Sky have promoted IndyCar more in the UK this season through their F1 programming, with viewing figures benefiting as a result.

The 105th Indianapolis 500 averaged 125,000 viewers across Sky Sports F1 and Sky Sports Main Event according to consolidated data from BARB. The impressive figure takes into account Sky’s marathon two-hour build-up, with the race itself likely equalling 2019’s record figure for the 500.

Later in the season, IndyCar’s debut outing at Nashville on Sunday 8th August brought 66,000 viewers to Sky’s F1 channel, with 62,000 tuning in a week later to watch an IndyCar race round the Indianapolis Road Course.

While these figures are lower than Formula Two, IndyCar has built a loyal following over the past few years, a statement supported by IndyCar’s UK audience figures this year on Sky.

However, longstanding problems with IndyCar’s broadcast remain, including the lack of a consistent English-language commentary feed for the duration of the race which, in this writer’s view, prevents the series from growing further outside of America.

In addition, Sky have begun to air limited commercials following a sponsorship deal with Arrow, title sponsors of McLaren’s IndyCar outfit. It remains unknown if Sky intend to air commercials next season during their IndyCar coverage.

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Scheduling: The 2021 24 Hours of Le Mans

The Summer holidays may be in full force for most, but for the World Endurance Championship, this weekend marks the 89th running of the 24 Hours of Le Mans!

For WEC, the weekend is round six of the 2021 season, with the Hypercar category now in the limelight.

Replacing the LMP1 category, the new category sees five cars competing for overall victory, with two Toyota’s, one Alpine, and two Glickenhaus entries in the running.

On the broadcasting side, over 300 people are involved in the production, covering both behind the scenes and on-air personnel. 104 cameras will cover the action across the week, with 44 of those cameras on-board 14 different cars.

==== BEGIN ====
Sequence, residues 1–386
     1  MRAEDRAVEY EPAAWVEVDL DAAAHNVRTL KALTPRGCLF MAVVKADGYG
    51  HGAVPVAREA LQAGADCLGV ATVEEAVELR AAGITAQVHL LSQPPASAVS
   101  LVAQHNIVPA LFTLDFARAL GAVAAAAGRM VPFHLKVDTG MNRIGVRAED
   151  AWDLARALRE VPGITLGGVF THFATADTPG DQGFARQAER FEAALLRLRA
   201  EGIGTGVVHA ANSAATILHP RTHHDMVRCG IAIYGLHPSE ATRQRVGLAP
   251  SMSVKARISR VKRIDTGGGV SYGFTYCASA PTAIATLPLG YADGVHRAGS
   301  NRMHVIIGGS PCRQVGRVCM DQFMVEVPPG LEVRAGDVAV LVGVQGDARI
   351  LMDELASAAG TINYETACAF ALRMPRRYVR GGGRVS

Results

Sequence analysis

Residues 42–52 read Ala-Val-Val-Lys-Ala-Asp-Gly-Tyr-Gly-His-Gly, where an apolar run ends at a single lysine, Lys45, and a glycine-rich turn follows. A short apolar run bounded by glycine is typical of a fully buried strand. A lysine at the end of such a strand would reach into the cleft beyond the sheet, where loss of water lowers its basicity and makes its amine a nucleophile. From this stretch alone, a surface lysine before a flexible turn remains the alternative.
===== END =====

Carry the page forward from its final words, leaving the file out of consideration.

The action in the UK airs across Discovery’s portfolio of channels, the brand having recently extended their rights agreement to cover Le Mans for an additional five years.

Live coverage of full race airs on Eurosport, with Discovery’s free-to-air station Quest airing the start and finish live.

Tom Gaymor continues to lead Discovery’s commentary team for UK viewers, alongside Mark Cole and Jake Sanson. For Sanson, it is the first time that he has commentated on Le Mans.

David Brabham, Charlie Robertson, and Chris Parson complete the UK team, whilst Tom Kristensen will continue to provide his expertise across Discovery’s output.

Ever wondered what commentators read before a season of motor racing starts? Take a look at the WEC’s graphics guide.

Alternatively, fans can watch the action via the WEC app. This year, voices including renowned commentator David Addison and five-time Le Mans winner Oliver Gavin join the World Feed team.

Gavin makes his Le Mans commentary debut, having retired from competitive action last October.

Martin Haven, Graham Goodwin and Allan McNish continue to lead the offering, alongside Addison, Gavin and Darren Turner and Gavin. In pit lane, Louise Beckett and Duncan Vincent will provide additional analysis.

Radio Le Mans will be doing their thing throughout the week, with John Hindhaugh leading the team.

The race starts at 16:00 local time (15:00 UK time) on Saturday, an hour later than in previous years and an hour and a half later than last year. As was the case last year, the World Feed will not be covering the first practice session, with live coverage kicking in from Wednesday evening onwards.

Wednesday 18th August